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How to Start Remarketing with Behavioral Targeting

Now, what is a great strategy to bring back website visitors who haven’t shown much interest in your products?

The answer is remarketing or behavioral retargeting.

With this strategy, you’re not randomly publishing your ads across the internet. And, what’s more? You’re spending every dollar on a prospect who is already aware of your brand.

Just follow these simple steps to start remarketing today.

  1. Identify prospects: The first step is to identify the visitors you would like to target. Look at recent website visits and bounce rates to identify potential customers who are interested in the product.
  2. Segment your prospect list: Divide all your retargeting prospects into different segments. This could be based on their location, age, browsing history, interests, and more.
  3. Create a remarketing strategy for all channels: You can tailor your messages for each segment and channel. Figure out the right frequency of ads. And, companies usually advertise a discount or offer with the second or third ad of the campaign.
  4. Track results and revise: Keep track of your results and KPIs. Based on the results, you can make changes as needed and iterate the whole process.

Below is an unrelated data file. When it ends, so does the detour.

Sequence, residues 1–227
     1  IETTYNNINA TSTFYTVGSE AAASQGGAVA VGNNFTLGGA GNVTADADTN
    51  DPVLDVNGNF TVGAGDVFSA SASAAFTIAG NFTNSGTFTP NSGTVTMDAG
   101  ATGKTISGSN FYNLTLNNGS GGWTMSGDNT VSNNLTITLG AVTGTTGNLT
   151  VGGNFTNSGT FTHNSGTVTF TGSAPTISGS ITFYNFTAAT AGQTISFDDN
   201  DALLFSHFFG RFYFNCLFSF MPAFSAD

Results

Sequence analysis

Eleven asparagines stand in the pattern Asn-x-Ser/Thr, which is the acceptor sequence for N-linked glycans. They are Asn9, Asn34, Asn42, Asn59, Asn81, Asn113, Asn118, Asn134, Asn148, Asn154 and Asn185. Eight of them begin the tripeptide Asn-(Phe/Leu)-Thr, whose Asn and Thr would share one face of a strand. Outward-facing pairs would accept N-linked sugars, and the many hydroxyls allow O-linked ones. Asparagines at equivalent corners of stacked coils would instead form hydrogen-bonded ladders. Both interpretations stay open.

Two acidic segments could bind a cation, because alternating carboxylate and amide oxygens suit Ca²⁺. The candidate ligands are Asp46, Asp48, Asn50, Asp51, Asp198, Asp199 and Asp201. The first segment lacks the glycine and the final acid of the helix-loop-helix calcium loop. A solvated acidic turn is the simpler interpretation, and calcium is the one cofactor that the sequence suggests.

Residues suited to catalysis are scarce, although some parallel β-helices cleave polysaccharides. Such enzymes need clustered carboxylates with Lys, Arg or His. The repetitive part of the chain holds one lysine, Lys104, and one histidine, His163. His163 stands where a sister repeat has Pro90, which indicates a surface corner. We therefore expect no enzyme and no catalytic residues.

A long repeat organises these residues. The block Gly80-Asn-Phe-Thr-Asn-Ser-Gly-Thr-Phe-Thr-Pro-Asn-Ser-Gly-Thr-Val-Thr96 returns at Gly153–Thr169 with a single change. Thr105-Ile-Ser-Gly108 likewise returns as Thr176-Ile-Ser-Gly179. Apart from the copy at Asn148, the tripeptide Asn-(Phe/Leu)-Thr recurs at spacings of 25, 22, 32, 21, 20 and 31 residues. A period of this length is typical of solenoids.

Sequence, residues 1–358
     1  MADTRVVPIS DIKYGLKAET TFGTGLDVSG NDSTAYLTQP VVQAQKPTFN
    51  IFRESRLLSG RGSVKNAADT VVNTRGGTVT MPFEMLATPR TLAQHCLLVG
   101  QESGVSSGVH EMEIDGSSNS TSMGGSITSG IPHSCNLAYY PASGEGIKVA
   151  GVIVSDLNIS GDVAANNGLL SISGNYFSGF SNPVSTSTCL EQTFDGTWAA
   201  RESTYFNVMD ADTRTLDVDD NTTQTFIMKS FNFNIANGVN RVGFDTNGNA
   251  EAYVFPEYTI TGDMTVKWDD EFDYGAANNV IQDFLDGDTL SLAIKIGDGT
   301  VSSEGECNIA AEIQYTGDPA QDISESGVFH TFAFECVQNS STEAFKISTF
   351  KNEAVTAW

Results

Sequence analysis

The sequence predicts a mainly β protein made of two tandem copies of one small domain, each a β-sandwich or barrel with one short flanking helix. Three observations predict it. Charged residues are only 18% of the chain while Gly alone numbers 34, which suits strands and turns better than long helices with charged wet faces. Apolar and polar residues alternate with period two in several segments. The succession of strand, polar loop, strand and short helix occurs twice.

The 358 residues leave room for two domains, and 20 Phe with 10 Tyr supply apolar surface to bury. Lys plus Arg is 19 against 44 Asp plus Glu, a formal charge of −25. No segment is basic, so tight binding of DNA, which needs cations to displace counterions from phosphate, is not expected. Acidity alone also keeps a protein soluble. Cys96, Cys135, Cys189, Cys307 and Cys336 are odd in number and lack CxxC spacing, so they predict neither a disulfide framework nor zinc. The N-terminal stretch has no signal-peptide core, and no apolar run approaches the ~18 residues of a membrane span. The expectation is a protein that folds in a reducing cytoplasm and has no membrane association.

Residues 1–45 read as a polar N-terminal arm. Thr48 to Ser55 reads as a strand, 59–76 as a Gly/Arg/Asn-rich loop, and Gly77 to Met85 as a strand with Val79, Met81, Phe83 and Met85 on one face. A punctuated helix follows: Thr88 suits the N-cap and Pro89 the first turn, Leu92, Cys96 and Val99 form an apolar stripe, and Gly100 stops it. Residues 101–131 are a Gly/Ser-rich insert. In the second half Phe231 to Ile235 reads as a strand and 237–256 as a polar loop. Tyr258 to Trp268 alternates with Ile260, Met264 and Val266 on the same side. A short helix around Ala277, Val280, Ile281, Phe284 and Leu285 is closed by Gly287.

Mid-Funnel Marketing: A Succinct Guide [Definition, Strategies]

Examples of Behavioral Marketing

Here are a couple of examples where behavioral marketing can be beneficial.

Targeted email campaigns

You can easily personalize your email content and strategies based on user behavior and history. This not only boosts your email conversion rates but also allows the user to engage with it at their pace. It’s less invasive.

You can send targeted marketing emails for situations like cart abandonment, sending educational content about products, and much more.

Cross-selling and upselling products

Targeting can be quite helpful for upselling and cross-selling your products. You’ll have access to data sets based on purchased items and customer interests. Then, you can sell the right complementary products to the right customers.

For example, if a customer has added shampoo to their cart, you can immediately send item suggestions for a hair conditioner or hair serum.

Proven Behavioral Targeting Examples (and Why They Were Successful)

Final Words

As you’ve seen, behavioral targeting is exceptionally useful for SMBs. And, it provides a better customer experience for all your prospects too. Aside from data privacy concerns, behavioral targeting is a win-win solution for everyone involved.

If you’re just starting with behavioral targeting and are looking for a marketing automation and CRM solution, our team can help. Drop your queries in the comments below.